At least two people died and another six injured due to twin explosions in the Philippine capital on Saturday night, the police said. Although the authorities initially said that there were no indications the blasts were terrorist attacks but the Islamic State (IS) group claimed responsibility.
This latest attack comes just over a week after another blast in the same area. The militants cited a higher death toll than that given by police and said it was a sectarian strike against Shiite Muslims.
"Five Shiites were killed and six others wounded in a bomb blast by Islamic State fighters in the centre of Manila in the Philippines," IS propaganda outfit Amaq said in a statement.
The city police chief Oscar Albayalde said the initial blast occurred around 6:00 pm (1000 GMT) near a mosque in Quiapo, one of the older parts of Manila where there are big slums. He added that the explosion killed two and injured four others.
According to an AFP photographer who was among a group of journalists near the scene, a second blast took place in the same area around 8:30 pm.
Albayalde said in an interview on GMA television that two policemen, who were inspecting the area after the first blast, were injured by the second explosion.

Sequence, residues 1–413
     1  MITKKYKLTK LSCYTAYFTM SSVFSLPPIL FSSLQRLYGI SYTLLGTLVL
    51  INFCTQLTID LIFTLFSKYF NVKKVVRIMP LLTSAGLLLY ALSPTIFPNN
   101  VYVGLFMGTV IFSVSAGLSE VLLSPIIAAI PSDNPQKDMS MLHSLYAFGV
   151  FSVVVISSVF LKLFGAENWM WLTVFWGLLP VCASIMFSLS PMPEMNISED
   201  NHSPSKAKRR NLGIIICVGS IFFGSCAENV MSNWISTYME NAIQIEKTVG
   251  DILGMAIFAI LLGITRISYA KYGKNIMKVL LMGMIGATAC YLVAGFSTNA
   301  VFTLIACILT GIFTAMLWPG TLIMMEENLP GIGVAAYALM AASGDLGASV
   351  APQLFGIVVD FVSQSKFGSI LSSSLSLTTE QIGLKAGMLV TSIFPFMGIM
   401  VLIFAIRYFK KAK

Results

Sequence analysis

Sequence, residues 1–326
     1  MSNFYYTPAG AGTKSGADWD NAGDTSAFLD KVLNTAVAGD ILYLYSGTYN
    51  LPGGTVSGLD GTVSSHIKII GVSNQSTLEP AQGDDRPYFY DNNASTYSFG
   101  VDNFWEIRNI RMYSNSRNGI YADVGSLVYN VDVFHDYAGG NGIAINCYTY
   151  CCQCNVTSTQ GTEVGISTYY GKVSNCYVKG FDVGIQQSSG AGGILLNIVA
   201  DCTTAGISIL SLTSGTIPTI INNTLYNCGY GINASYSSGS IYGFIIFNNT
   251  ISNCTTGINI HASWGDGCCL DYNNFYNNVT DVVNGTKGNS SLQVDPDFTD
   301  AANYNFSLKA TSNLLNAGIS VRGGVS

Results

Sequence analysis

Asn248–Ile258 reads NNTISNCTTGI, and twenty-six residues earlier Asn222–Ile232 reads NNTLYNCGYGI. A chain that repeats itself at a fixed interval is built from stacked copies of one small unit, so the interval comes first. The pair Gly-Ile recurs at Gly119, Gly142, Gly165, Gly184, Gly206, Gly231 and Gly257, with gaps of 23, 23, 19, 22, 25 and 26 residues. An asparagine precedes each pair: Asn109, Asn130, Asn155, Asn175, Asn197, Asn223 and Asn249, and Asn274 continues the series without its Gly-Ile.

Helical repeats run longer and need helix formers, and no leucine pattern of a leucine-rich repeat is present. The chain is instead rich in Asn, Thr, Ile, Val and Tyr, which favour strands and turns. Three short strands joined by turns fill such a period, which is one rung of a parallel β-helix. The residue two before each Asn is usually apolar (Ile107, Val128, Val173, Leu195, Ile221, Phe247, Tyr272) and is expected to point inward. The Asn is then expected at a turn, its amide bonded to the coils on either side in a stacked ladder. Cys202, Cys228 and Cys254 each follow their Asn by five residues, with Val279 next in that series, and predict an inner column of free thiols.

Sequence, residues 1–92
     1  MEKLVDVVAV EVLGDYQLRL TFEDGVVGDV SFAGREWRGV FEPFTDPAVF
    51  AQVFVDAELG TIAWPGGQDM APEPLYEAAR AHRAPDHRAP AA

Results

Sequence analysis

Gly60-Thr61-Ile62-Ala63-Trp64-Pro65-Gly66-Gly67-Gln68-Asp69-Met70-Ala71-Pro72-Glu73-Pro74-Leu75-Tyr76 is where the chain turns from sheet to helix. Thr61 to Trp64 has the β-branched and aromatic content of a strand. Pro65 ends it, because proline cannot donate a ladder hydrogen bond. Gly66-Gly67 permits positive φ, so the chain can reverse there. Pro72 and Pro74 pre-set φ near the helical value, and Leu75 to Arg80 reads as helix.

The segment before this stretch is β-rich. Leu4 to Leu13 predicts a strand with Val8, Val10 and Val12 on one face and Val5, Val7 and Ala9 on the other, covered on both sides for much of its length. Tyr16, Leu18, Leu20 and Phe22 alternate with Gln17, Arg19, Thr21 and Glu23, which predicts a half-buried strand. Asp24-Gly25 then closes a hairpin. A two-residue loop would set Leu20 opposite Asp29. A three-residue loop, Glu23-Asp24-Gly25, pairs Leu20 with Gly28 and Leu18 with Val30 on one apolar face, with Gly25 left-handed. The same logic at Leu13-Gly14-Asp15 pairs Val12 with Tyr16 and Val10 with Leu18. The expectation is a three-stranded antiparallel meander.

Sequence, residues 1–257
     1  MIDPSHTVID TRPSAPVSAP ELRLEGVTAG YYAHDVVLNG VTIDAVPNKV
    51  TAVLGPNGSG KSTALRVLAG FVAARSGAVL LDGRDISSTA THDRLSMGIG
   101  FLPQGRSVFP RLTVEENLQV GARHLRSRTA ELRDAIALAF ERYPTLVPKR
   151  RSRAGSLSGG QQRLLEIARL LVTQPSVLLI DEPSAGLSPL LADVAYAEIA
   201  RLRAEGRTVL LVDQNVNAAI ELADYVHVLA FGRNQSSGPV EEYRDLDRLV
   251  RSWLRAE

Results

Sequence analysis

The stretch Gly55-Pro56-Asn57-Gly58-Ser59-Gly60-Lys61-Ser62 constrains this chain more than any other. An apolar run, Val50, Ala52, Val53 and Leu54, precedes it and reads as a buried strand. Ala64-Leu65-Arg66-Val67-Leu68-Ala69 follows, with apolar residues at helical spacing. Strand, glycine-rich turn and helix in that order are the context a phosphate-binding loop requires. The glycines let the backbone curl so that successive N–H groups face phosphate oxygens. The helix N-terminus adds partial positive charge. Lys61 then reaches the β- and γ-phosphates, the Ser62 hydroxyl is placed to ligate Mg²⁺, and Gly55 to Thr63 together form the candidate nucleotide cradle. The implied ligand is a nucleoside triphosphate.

Reports said both the blasts occurred along a narrow street crammed with stalls hawking clothes and homeware. They were just outside an Islamic community centre and about a hundred metres (300 feet) from the Quiapo Golden Mosque.
The AFP photographer and witnesses said part of the Islamic centre and shattered windows in nearby buildings was damaged by the first blast.
Omar Yahya, 22, who was at the Islamic centre when the first explosion occurred, told AFP afterwards at a Manila police station that the blast was very powerful. "Windows were broken and the wooden part of the building collapsed," he added.
The Philippines is a mainly Catholic country but it has a significant Muslim minority, some of whom live in Quiapo.
Police chief Albayalde said the first blast appeared to have come from a package that was being delivered by a man on a motorcycle. "The man on the motorcycle who delivered the package was killed. The other killed was the person who received the package," he said in an interview on DZRH radio.
Albayalde added that there was no signs that the blasts were terrorist attacks. "We do not want to speculate but it's possible this is a gang war," he said. "We do not see any indication that this is a terror attack."